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  1. I am having a bit of trouble following a simple integral from the book on QFT by Mark Srednicki - free draft can be accessed at http://web.physics.ucsb.edu/~mark/qft.html - and I was hoping you could help me fill some gaps. The part of interest is chapter 14, pages 111-113, calculating loop contributions to the propagator in $\phi^3$. After he writes the expression for $I(k^2)$ (14.18): \begin{equation} I(k^2) = \int_{0}^{1}dx \int\frac{d^d\overline{q}}{(2\pi)^d}\frac{1}{(\overline{q}^2+D)^2}, \tag{14.18} \end{equation} he then differentiates twice w.r.t. $k^2$, to arrive at (14.20): \begin{equation} I''(k^2) = \int_{0}^{1}dx ~6x^2(1-x)^2 \int\frac{d^d\overline{q}}{(2\pi)^d}\frac{1}{(\overline{q}^2+D)^4}, \tag{14.20} \end{equation} which I get naively only if I treat the $\overline{q}^2$ in the denominator of the integrand as independent of $k^2$. Does the integral measure affect the computation? $D$ and $\overline{q}^2 = q^2$ are given by: \begin{equation} q=l+xk \tag{14.13} \end{equation} \begin{equation} D=x(1-x)k^2+m^2,\tag{14.14} \end{equation} where $x$ is a Feynman parameter, $k$ is the momentum of the particle and $l$ is momentum in the loop.

  2. On a slightly related note, below eq. (14.14), when he performs the Wick rotation, he shows anti-clockwise rotation and since poles are at $q_0=\omega-i\epsilon$ and $-\omega+i\epsilon$, the integral value is unchanged if we change the range to $-i\infty$ and $i\infty$. What happens if we close contours over the poles (say we rotate clockwise, or poles were at $q_0=\omega+i\epsilon$ and $-\omega-i\epsilon$)?

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1) No. You use translation invariance of the measure to neutralize the explicit $xk$ with a shift of integration variable (which it appears you've already done--note $\bar{q}$ is just a dummy variable in that integral). Therefore you just need to differentiate the $k^2$ dependence in $D$.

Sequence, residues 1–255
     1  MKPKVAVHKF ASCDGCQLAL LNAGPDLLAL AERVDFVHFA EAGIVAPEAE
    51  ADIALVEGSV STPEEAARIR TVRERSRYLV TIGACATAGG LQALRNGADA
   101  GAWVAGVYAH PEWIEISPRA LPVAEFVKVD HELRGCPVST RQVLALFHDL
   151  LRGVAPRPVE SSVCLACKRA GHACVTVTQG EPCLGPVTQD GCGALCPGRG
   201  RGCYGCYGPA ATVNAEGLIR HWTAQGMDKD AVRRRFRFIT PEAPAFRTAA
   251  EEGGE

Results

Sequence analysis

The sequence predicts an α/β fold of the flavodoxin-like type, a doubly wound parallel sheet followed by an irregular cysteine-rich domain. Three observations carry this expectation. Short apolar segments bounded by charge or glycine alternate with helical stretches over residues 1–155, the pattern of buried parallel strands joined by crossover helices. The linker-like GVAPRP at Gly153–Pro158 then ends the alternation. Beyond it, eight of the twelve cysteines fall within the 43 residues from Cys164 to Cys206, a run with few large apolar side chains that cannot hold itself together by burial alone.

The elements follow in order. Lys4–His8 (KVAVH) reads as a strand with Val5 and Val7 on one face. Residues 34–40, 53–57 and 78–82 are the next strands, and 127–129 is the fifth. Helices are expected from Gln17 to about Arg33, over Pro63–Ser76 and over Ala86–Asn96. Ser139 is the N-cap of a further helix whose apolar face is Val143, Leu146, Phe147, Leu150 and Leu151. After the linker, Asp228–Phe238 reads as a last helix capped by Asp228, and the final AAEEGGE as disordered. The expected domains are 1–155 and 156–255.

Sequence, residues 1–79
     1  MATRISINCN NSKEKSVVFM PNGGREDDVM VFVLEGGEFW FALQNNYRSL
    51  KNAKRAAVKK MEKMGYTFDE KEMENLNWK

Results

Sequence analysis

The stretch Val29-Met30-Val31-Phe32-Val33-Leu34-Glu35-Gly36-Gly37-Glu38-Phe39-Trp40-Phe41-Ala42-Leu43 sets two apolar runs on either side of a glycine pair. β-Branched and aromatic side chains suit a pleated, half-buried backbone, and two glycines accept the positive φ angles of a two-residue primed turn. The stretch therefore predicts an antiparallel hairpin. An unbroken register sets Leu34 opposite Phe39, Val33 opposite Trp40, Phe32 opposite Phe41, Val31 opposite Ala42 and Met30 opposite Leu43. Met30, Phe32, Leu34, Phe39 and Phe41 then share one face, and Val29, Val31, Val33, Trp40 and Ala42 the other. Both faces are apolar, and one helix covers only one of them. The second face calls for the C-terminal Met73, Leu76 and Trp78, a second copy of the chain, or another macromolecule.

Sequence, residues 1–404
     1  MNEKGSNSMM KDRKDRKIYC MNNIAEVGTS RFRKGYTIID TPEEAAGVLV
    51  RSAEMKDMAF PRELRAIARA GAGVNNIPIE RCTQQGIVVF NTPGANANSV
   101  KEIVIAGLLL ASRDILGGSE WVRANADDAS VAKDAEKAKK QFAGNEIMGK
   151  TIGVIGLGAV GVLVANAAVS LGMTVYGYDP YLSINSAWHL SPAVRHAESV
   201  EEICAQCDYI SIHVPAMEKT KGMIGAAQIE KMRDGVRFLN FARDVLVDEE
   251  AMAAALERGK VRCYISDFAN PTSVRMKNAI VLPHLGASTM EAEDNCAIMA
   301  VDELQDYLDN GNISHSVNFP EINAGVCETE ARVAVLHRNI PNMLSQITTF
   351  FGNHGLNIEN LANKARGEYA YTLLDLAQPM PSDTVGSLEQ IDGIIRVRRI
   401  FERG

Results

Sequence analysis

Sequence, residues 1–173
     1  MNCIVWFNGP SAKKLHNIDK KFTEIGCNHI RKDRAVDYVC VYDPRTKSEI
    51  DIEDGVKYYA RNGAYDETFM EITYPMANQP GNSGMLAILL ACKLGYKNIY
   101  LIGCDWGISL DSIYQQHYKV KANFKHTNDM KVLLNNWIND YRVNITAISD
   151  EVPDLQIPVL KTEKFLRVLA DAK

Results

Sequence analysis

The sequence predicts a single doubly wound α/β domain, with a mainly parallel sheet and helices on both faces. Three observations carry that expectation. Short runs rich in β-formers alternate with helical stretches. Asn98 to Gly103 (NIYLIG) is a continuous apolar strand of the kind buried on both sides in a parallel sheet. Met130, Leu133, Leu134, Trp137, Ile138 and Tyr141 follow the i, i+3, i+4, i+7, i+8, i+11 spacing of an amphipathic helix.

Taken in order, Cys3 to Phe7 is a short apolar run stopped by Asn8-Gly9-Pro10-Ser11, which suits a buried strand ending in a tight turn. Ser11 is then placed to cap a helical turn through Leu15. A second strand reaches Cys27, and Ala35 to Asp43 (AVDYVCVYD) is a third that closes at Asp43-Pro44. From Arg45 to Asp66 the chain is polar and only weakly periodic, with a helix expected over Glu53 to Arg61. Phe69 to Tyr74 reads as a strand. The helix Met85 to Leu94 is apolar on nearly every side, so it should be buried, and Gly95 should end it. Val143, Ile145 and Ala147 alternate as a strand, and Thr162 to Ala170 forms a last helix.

2) I'm not exactly sure what you're asking here, but I'll try to provide useful information. You can't rotate clockwise, you'll hit the poles. The point of the Wick rotation is that it takes into account the $i\epsilon$ needed for causality while allowing simple evaluation of the integral (just closing the contour would spoil the four dimensional symmetry, leading to ugly equations). If your question is why the rotation is performed counterclockwise instead of clockwise (that is, why we use $\epsilon$ and $-\epsilon$), I think it's easier to go back to the path integral derivation of the $i\epsilon$ trick. Recall the $i\epsilon$ is inserted so that the path integral projects in the far past and future onto the ground state, so that we produce the appropriate correlation functions for the LSZ formula. Flipping the sign on $\epsilon$ would fail to damp out the excited states, defeating the point of doing the trick in the first place. Alternatively, the $i\epsilon$ in the action acts as a Gaussian convergence factor in the functional integral (it looks like $e^{-\epsilon \int d^d x \phi^2(x)}$) so the sign is essential.

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  • $\begingroup$ Thank you for your answers! 1) I am not sure I follow. If I hadn't made the change $d^d l = d^d \overline{q}$, would I then have to worry about differentiating $\overline{q}^2 + D$ instead of only $D$? 2) In the text, it says : "In making this Wick rotation, the contour does not pass over any poles. (The $i\epsilon$’s are needed to make this statement unambiguous.). Thus the value of the integral is unchanged." How would choosing to go over the poles (rotate the other way around) alter the value of the integral? $\endgroup$ – Vangi Feb 12 '19 at 17:33
  • $\begingroup$ For 1) I haven’t looked at the calculation in the book in too much detail, but in these sorts of things you always complete the square after combining denominators. After completing the square you shift the integration variable to knock off the external momentum. For 2) it’s a basic fact of complex analysis that you can only deform integration contours in a domain in which the function is holomorphic (no poles). Going the other way will cause you to run into poles, so you can’t conclude that the deformation is allowed without changing the value of the integral. $\endgroup$ – Spencer Tamagni Feb 13 '19 at 19:05

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